Aug 10, 2012 / 5:00 am
There was a time when the sight of war canoes on Okanagan Lake was not uncommon.
"We know that these canoes have been used since the 20's in a regatta format," says the Curator of the Penticton Museum, Peter Ord.
"They were used extensively throughout the Okanagan. Peachland, Summerland, Penticton, Kelowna, Vernon, they all had these big aquatic days that were a big part of their sports calendar."
Ord says there was a time when many communities in the Okanagan had their own war canoe.
"One of the biggest parts of these regattas was the racing of the war canoes and there was quite a rivalry between them."
The sport attracted both men and women and continued full force until the outbreak of World War Two before its popularity waned.
Most of the 30 foot long cedar strip canoes have long been retired or forgotten, but not all.
On Saturday, August 11, after the Peachfest Parade ends around 11:30 a.m., an authentic 1920s vintage 30 foot long Penticton War Canoe will race along Okanagan Beach from the S/S SICAMOUS and back, giving spectators a chance to see an actual piece of living Penticton history in action.
"We're not sure how old it is. There is a plate on it that is linked to the Peterborough Canoe Company so we know where it was built."
The canoe is one of four the museum is in possession of which date back to that time.
"The last time these were used in a competitive manner was 2000, when two of them were restored by the Peachland Heritage Society and they were used as part of their millennium celebrations."
The S/S SICAMOUS Inland Marine Museum is hosting a new permanent war canoe exhibit put together through the generosity of the Penticton Museum and the work of designer Ted Senior.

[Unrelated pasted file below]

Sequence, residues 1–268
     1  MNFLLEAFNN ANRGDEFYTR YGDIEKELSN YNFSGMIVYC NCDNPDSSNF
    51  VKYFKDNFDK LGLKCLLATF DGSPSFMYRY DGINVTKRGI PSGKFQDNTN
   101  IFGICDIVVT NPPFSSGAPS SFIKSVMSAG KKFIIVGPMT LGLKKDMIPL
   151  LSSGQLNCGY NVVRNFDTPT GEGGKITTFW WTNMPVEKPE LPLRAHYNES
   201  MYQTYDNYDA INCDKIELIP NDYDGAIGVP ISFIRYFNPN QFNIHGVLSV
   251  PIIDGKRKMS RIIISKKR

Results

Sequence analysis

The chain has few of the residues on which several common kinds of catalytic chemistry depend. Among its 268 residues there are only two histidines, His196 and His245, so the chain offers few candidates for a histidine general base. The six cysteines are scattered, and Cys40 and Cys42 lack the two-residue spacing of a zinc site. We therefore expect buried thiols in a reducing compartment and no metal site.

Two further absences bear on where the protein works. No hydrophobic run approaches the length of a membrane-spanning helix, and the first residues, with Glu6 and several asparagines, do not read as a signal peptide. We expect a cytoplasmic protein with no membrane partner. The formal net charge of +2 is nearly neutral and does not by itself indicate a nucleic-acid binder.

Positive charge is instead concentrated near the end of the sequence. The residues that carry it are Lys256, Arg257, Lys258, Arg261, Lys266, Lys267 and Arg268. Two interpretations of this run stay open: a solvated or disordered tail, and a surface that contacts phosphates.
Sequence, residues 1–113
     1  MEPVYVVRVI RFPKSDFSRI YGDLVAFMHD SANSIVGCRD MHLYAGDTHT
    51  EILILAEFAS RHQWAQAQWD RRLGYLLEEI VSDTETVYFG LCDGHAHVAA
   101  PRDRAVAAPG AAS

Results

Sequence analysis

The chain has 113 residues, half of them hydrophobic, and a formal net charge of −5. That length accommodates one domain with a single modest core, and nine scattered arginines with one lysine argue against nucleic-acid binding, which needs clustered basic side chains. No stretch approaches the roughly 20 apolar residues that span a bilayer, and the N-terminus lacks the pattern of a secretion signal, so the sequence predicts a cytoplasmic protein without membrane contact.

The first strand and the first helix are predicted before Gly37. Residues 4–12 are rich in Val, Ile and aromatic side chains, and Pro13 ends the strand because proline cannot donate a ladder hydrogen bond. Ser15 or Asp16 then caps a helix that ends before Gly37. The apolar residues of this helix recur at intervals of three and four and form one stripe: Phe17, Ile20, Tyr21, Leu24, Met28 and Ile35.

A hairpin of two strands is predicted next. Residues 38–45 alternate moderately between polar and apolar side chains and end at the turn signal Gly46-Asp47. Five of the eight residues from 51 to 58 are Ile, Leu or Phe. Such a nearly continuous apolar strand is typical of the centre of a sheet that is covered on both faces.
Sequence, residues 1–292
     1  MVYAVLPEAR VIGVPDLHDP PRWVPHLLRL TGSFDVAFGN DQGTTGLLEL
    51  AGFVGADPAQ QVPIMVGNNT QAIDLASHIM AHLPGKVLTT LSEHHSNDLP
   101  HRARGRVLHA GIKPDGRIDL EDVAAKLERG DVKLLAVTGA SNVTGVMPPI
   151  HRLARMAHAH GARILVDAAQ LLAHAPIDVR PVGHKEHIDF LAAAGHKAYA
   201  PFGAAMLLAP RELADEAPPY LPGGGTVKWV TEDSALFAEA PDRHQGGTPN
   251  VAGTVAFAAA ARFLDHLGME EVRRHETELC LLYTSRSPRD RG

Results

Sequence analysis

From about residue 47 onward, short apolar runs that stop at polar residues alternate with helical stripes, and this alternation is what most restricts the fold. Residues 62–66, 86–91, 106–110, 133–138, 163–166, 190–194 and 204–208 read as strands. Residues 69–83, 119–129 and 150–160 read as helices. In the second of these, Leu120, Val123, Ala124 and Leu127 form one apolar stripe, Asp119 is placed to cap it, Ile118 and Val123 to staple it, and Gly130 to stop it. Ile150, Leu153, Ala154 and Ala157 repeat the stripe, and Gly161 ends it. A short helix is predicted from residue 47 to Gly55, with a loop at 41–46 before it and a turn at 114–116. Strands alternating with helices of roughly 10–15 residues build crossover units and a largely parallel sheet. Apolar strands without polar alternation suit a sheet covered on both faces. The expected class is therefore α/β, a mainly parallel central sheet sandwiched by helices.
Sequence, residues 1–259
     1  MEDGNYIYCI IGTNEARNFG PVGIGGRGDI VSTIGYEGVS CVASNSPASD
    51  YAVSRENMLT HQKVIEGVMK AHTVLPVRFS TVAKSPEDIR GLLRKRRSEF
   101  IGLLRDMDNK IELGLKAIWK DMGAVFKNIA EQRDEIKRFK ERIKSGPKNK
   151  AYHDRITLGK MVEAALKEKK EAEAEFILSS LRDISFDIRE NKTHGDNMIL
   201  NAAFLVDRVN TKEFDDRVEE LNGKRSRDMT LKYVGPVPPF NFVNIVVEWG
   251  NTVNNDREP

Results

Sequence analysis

The exhibit features a restored vintage Penticton War Canoe as well as historic artifacts from Penticton’s paddling past.
"War canoes were (first) used by the eastern First Nations during raids between various communities on the Great lakes. Then they were co-opted by new settlers and colonialists and then used to recreate traditional canoe craft." says Ord.
Eventually they were adapted for racing.
"They're very sleek and very light. They're principally designed for racing. The older war canoes had higher gunnels and wider bases so they could travel through different waters."
War canoes are still being produced today, although a fibreglass composite material has replaced the traditional cedar.
On Saturday, the canoe will be crewed by volunteers from the Penticton Racing Canoe Club, the Penticton Paddling Centre, local paddlers from the Raymond James Penticton Dragon Boat Festival, the Penticton Museum and the S/S SICAMOUS Inland Marine Museum.
Museum volunteers also have plans to race the vintage canoes next year.
If the remaining restoration work on the other canoes is completed by next summer, organizers will race the three with proceeds going to charity.
Donations to support this restoration can be made at the Penticton Museum or through the S/S SICAMOUS.
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